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What Amazonian Survivors Should Have LearnedPage 3
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We've already mentioned Shii Ann, who I think deserves a bit of special dispensation because she was tricked by the producers. It's easy for us to say she plotted and schemed too much (as she said herself), but the fact is that she was on the right track and then the train turned out to be heading in the wrong direction.
An important part of this rule is that players should not be open about their scheming. This part Shii Ann definitely did violate, as she flat-out told Ken that she was going to join with the other tribe. Similarly, the Samburu split was obvious to one and all. On the other side, Lex felt he needed to be honest to Clarence and then again (at least partially) to Kelly before voting them off. Sorry, but that was the wrong move. Lie to their faces, and then vote 'em off. There is no reason to alert them to their impending doom - it only gives them time to plot their own counterattack, which Kelly almost successfully did against Lex.
The downfall of the Rotu 4 in Survivor: Marquesas is almost entirely due to their failure to recognize this part of the rule. They thought they had it made. They were in the final four and there was nothing anybody could do. So when it came time to chop down those coconuts in an immunity challenge, they laid out their plans just as clearly as if they'd written 'em down and handed them out. Paschal and Neleh were shown that they were not part of the core alliance and the best they could hope for would be fifth and sixth place. By making their scheming so apparent, the Rotu 4 were instead chopped down one by one, just like those coconuts. And make no mistake - challenges like this will be present again.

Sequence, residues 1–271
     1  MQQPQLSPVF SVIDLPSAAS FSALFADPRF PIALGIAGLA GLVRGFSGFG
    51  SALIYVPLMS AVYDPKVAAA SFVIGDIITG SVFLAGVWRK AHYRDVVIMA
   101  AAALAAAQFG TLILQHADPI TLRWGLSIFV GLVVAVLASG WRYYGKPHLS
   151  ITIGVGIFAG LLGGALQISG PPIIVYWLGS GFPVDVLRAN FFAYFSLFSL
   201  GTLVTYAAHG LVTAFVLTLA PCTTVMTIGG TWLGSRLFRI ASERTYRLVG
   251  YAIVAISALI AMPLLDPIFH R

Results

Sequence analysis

This also leads to a corollary to this rule, which is that if any alliances do get out in the open, do not let it be known that you are the decision-maker. Rich Hatch succeeded in great part because he allowed his cohorts to believe they were making the decisions. On the other hand, Lex made it clear to the Boran Boys Club that he was in charge, and that caused problems. It caused even more problems for John of the Rotu 4.
I'm also going to bring in one more point regarding open scheming - couples. I'm talking about joining up openly with another person for any reason, whether it's love/lust, a father-daughter type thing, or whatnot. While we haven't really seen it so much yet in Survivor, shows like Big Brother have indicated that open partnerships are just begging to be split up. It draws attention to both people and that can lead to votes. Plus, it violates Rule 4, below, about not letting emotions control you. Like I said, it hasn't really happened in Survivor yet, and it probably won't this time simply due to the gender dynamics, but I think it's just a matter of time.